Investigator William Monk is relieved to be offered a job, even one outside his normal sphere of operation in the large houses of Victorian England, as money is tight and bills must be paid.Clement Louvain, ship owner and importer of spices and ivory, hires Monk to find 14 tusks of ivory which were stolen from his ship when it was moored in the Thames, awaiting a berth at the Docks. Monks'wife Hester runs a shelter and hospital for sick and injured prostitutes with her friend Margaret, stocking it on a shoe string budget, so that when Louvain brings a sick woman to her, claiming that she is the cast-off mistress of a friend and paying Hester a handsome fee for her care, she doesn't hesitate to accept the woman as a patient. Meanwhile Monk manages to find the trail of the stolen ivory with the help of a street urchin, Scuff, and to return it to Louvain. Hester is horrified to find the unmistakeable signs of bubonic plague on the sick woman and realises that she must isolate herself and all the other occupants of the hospital, as much to keep them from infecting the general population as to keep the threat of mass hysteria at bay. She is aided in this task by the rat-catcher, Sutton who directs his friends to stand guard with pit bulls, trained to kill on command. Hester gets word to Monk of their predicament and in turn informs Durban the chief of the river police of the need to track down the source of the plague. Feeling sure that the plague was brought into the country by Louvain on his ship, Monk and Durban contrive to isolate the ship until their case is proven. The author brilliantly conveys the cutting winds and biting cold of the London docks in winter, so much so that I guarantee that you'll not feel warm till the end of the story.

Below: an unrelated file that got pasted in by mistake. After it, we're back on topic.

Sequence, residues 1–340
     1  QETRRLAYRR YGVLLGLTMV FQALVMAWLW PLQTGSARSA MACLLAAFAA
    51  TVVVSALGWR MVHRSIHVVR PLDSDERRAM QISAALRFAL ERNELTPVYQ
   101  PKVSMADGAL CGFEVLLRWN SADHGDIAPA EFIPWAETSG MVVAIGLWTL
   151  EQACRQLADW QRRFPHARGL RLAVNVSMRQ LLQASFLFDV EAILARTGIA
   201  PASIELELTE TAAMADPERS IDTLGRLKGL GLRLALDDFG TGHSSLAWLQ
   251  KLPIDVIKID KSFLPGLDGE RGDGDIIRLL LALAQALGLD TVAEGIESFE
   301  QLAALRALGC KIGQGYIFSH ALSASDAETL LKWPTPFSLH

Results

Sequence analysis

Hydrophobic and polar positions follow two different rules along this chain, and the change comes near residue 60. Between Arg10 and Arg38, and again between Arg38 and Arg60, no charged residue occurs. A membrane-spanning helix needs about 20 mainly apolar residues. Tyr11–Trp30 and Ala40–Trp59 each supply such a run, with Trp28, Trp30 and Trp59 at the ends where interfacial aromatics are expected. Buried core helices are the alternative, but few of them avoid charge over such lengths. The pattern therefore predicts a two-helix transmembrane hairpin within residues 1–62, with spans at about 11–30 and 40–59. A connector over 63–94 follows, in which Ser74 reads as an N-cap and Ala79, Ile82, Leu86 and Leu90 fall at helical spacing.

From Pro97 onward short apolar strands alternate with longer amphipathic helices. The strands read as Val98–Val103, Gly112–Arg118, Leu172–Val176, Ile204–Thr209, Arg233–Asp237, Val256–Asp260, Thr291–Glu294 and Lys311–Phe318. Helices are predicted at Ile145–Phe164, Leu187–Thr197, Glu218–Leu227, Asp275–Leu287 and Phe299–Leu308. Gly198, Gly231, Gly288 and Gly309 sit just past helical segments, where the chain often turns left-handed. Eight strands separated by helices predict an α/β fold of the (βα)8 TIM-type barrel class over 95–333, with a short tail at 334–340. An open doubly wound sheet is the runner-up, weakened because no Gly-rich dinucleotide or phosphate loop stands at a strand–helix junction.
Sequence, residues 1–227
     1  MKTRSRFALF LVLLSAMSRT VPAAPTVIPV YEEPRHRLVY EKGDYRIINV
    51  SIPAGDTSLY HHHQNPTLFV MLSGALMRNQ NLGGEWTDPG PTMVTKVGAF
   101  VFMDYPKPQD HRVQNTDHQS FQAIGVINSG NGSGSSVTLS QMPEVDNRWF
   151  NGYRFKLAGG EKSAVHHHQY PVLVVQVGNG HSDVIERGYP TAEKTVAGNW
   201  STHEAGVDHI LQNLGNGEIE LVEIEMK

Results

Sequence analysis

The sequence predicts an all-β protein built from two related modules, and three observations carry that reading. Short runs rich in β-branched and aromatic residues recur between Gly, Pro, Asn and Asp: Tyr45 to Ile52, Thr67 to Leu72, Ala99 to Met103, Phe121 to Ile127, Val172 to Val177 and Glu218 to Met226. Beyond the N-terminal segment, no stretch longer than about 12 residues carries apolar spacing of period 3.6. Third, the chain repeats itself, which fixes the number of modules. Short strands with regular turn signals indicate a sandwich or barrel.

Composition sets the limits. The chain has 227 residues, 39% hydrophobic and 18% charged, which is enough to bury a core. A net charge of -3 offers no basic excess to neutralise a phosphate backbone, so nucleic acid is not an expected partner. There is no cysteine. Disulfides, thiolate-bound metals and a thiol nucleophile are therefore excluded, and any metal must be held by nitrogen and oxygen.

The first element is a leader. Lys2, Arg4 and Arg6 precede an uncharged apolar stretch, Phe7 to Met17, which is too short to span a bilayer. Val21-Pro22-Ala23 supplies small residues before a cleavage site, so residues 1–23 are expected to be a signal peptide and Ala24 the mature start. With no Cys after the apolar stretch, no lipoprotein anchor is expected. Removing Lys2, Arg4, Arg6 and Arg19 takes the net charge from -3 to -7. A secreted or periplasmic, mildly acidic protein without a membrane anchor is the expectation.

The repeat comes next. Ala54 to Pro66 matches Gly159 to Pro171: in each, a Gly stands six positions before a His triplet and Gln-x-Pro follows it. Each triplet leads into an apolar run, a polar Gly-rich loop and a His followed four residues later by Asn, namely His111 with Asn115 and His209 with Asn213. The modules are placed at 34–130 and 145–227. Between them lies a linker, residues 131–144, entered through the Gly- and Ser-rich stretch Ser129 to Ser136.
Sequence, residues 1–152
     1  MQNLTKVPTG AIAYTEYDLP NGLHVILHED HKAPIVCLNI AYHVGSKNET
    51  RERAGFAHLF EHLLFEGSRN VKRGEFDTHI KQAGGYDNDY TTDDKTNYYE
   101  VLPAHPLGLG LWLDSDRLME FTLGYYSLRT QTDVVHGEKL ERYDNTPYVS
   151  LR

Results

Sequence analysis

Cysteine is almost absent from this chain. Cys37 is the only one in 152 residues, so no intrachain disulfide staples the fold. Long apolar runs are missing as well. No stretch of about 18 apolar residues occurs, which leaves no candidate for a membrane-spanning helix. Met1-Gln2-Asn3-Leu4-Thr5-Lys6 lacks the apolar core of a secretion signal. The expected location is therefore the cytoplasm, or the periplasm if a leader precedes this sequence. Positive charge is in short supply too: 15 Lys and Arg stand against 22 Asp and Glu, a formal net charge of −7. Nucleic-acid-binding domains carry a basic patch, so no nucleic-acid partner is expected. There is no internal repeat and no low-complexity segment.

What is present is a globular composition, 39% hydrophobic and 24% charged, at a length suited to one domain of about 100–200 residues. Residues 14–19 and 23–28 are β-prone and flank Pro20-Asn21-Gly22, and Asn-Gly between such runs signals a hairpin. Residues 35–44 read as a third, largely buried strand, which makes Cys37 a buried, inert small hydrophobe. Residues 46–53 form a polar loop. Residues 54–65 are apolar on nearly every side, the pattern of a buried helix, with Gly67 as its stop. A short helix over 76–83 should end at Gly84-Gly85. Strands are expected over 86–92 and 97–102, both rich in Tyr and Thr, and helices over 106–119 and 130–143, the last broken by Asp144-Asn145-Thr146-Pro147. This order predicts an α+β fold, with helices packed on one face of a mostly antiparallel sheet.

2 people found this helpful. Was this review helpful to you? Yes No Sending feedback...
Thank you for your feedback.
Sorry, we failed to record your vote. Please try again.
Report abuse
Format: Hardcover
William Monk usually investigates the crimes of the wealthy that inhabit some of the finest mansions in London. This time out Anne Perry takes Monk to the river and docks that is out of his comfort zone as an investigator. He has bills to pay and is happy to get any kind of work. Clement Louvain wants Monk to investigate the theft of a cargo of ivory from one of Louvain's schooners. .Louvain does not want the theft reported to the River Police. Monk's wife, Hester, runs a clinic for desperately ill women of the street who have no other place to go. Louvain brings an ill woman who came off of one of his ships to Hester. After the woman is found dead, Hester realizes that she had the Black Plague. The plague had wiped out half the population of England two centuries before. If anyone knew, mass panic who ensue; the clinic and its inhabitants would likely be burned down. The clinic must be locked down and no one must be allowed to escape from inside. Monk must answer the question of why Louvain would bring the woman to Hester.
Anne Perry writes both the Thomas Pitt series and the William Monk series. When I am reading one or the other series, it is always my favorite at the time. Anne Perry has an uncanny knack of painting the scenes of her stories so vividly that you are transported back in time. She captures the essence and the flavor of the time period.
This book had at first two seemingly different storylines: the stolen ivory and the plague. I found the scenes with the clinic: the difficulty in raising funds for a clinic for fallen women, the struggle in running it, the characters associated with it, and the dealing with the plague the more intriguing storyline. It was not until the storylines merged into one that I started to enjoy the story involving the shipyards.
Read more ›
One person found this helpful. Was this review helpful to you? Yes No Sending feedback...
Thank you for your feedback.
Sorry, we failed to record your vote. Please try again.
Report abuse

Most recent customer reviews